I'm not advocating that all critically acclaimed shows with no ratings be given a free pass. But when there is a series that a network has already invested a great amount of time and resources into, and the network claims to love the story it's telling, what is the harm in looking at it long-term instead of only seeing the immediate losses? (Cough, Community, cough.) Speaking of Community, please please please tell me there's some good news that people at NBC aren't thinking the same way as the people at Fox! (Hold onto that dream, right?) I'd be heartbroken to lose this daring, creative gem from the line-up. What other show on TV would have the seeds to animate its cast for an episode? Oh right, Fringe. Sigh. — Katelyn
Matt Roush: I'm not inclined to condemn a network executive for speaking an unpleasant truth, so while I share your frustration that Fringe has to keep fighting for its life and ultimately may not win the battle to survive to a fifth season, it's not my place as a critic to suggest a network be in the business of programming loss-leaders, much as I'd selfishly enjoy the benefit. Look, it's no fun when this column has to confront the hard realities of the TV business, but the bottom line is the bottom line, and if Fox finds itself able to develop a show for Fridays they feel would cost less and generate more revenue, that's what they'll do. It's that simple and that complicated. Fox's support for Fringe has given the show a fourth season I wouldn't have predicted would be feasible, and pragmatically, it probably wasn't. Regarding the NCIS comparison: That show is such a monster hit, airing constantly on cable and around the world, it hardly matters how it performs in the DVD marketplace. (It's not like you can't watch it umpteen times a week if you so desire.)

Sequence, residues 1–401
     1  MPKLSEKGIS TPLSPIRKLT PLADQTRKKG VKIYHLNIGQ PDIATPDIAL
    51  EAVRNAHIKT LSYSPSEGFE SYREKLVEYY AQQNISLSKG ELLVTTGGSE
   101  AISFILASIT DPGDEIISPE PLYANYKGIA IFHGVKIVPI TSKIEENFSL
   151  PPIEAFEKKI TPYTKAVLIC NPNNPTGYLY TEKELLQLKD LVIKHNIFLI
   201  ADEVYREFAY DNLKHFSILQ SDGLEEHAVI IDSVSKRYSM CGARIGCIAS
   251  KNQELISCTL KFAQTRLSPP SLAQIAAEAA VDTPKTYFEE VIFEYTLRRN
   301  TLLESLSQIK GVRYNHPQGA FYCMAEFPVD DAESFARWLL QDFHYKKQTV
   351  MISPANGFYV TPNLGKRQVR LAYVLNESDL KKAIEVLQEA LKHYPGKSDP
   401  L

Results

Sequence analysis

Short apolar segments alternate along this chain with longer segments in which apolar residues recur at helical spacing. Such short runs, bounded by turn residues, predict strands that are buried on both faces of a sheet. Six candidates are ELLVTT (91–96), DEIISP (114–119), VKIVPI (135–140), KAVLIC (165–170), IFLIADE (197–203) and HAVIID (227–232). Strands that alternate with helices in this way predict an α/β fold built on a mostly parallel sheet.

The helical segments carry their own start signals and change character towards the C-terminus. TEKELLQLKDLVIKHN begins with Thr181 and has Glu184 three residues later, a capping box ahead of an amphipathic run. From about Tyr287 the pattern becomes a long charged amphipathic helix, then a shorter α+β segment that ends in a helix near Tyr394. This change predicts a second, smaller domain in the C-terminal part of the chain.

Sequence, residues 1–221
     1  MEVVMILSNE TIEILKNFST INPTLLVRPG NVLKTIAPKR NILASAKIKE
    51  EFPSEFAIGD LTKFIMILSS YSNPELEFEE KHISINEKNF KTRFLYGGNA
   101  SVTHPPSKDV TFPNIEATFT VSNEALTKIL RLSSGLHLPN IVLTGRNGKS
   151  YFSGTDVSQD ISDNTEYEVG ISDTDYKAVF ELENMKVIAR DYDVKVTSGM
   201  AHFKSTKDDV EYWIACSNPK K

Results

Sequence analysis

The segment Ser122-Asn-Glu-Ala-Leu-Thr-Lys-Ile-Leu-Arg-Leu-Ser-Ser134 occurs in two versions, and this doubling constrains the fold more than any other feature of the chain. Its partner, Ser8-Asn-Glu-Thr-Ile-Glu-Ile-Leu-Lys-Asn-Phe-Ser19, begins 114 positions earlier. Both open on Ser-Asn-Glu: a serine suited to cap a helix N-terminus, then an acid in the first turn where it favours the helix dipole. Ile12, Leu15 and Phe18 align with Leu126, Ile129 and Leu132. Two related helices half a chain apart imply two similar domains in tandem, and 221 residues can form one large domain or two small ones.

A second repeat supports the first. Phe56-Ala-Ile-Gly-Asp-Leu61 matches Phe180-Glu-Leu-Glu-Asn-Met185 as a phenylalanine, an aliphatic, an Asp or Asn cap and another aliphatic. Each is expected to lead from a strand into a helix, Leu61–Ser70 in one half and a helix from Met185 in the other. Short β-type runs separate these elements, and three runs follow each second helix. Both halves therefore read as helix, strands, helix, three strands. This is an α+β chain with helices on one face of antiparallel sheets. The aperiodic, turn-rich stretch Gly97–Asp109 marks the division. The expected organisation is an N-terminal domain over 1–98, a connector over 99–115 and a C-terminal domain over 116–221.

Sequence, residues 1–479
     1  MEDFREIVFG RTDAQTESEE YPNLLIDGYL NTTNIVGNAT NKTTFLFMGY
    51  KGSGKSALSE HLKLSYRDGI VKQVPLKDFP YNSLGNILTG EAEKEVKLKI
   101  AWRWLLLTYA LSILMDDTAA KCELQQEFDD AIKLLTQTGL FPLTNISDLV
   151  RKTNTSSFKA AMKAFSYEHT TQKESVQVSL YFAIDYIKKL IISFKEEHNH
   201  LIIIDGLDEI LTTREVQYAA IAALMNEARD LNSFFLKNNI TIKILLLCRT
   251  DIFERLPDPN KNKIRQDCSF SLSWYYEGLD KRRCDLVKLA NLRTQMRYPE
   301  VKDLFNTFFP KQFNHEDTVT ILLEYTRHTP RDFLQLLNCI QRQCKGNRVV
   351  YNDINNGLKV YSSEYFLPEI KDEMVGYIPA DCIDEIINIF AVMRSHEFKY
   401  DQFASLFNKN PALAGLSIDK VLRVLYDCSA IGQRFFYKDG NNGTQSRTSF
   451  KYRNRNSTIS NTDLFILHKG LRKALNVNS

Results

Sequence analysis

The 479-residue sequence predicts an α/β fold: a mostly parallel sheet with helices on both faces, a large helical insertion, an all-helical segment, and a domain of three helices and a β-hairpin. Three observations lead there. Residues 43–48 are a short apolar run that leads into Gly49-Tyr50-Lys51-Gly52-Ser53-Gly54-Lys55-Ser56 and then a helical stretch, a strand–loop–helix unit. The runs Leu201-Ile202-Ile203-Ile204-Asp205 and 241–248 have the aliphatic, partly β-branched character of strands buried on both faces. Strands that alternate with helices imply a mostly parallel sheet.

Shows like Fringe and Community are in a very similar and rickety boat — we who love them can't imagine why more people don't choose to watch — and if the overall network-TV picture were more robust, there's little chance they would have survived as long as they have with their ratings, which would be tough to sustain on most cable networks.